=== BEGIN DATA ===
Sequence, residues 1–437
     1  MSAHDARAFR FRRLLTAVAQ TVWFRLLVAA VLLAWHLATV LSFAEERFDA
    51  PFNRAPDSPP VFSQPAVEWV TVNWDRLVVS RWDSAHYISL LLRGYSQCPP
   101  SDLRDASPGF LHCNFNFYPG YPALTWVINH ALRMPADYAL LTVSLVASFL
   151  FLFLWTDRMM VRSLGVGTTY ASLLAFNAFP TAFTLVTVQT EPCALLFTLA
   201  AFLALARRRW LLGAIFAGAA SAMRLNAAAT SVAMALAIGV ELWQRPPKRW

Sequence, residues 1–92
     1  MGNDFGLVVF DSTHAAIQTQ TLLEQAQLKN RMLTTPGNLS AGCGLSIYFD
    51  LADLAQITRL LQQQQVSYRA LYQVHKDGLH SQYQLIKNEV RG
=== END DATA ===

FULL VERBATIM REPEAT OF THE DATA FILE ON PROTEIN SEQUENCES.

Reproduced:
Sequence, residues 1–437
     1  MSAHDARAFR FRRLLTAVAQ TVWFRLLVAA VLLAWHLATV LSFAEERFDA
    51  PFNRAPDSPP VFSQPAVEWV TVNWDRLVVS RWDSAHYISL LLRGYSQCPP
   101  SDLRDASPGF LHCNFNFYPG YPALTWVINH ALRMPADYAL LTVSLVASFL
   151  FLFLWTDRMM VRSLGVGTTY ASLLAFNAFP TAFTLVTVQT EPCALLFTLA
   201  AFLALARRRW LLGAIFAGAA SAMRLNAAAT SVAMALAIGV ELWQRPPKRW

Sequence, residues 1–92
     1  MGNDFGLVVF DSTHAAIQTQ TLLEQAQLKN RMLTTPGNLS AGCGLSIYFD
    51  LADLAQITRL LQQQQVSYRA LYQVHKDGLH SQYQLIKNEV RG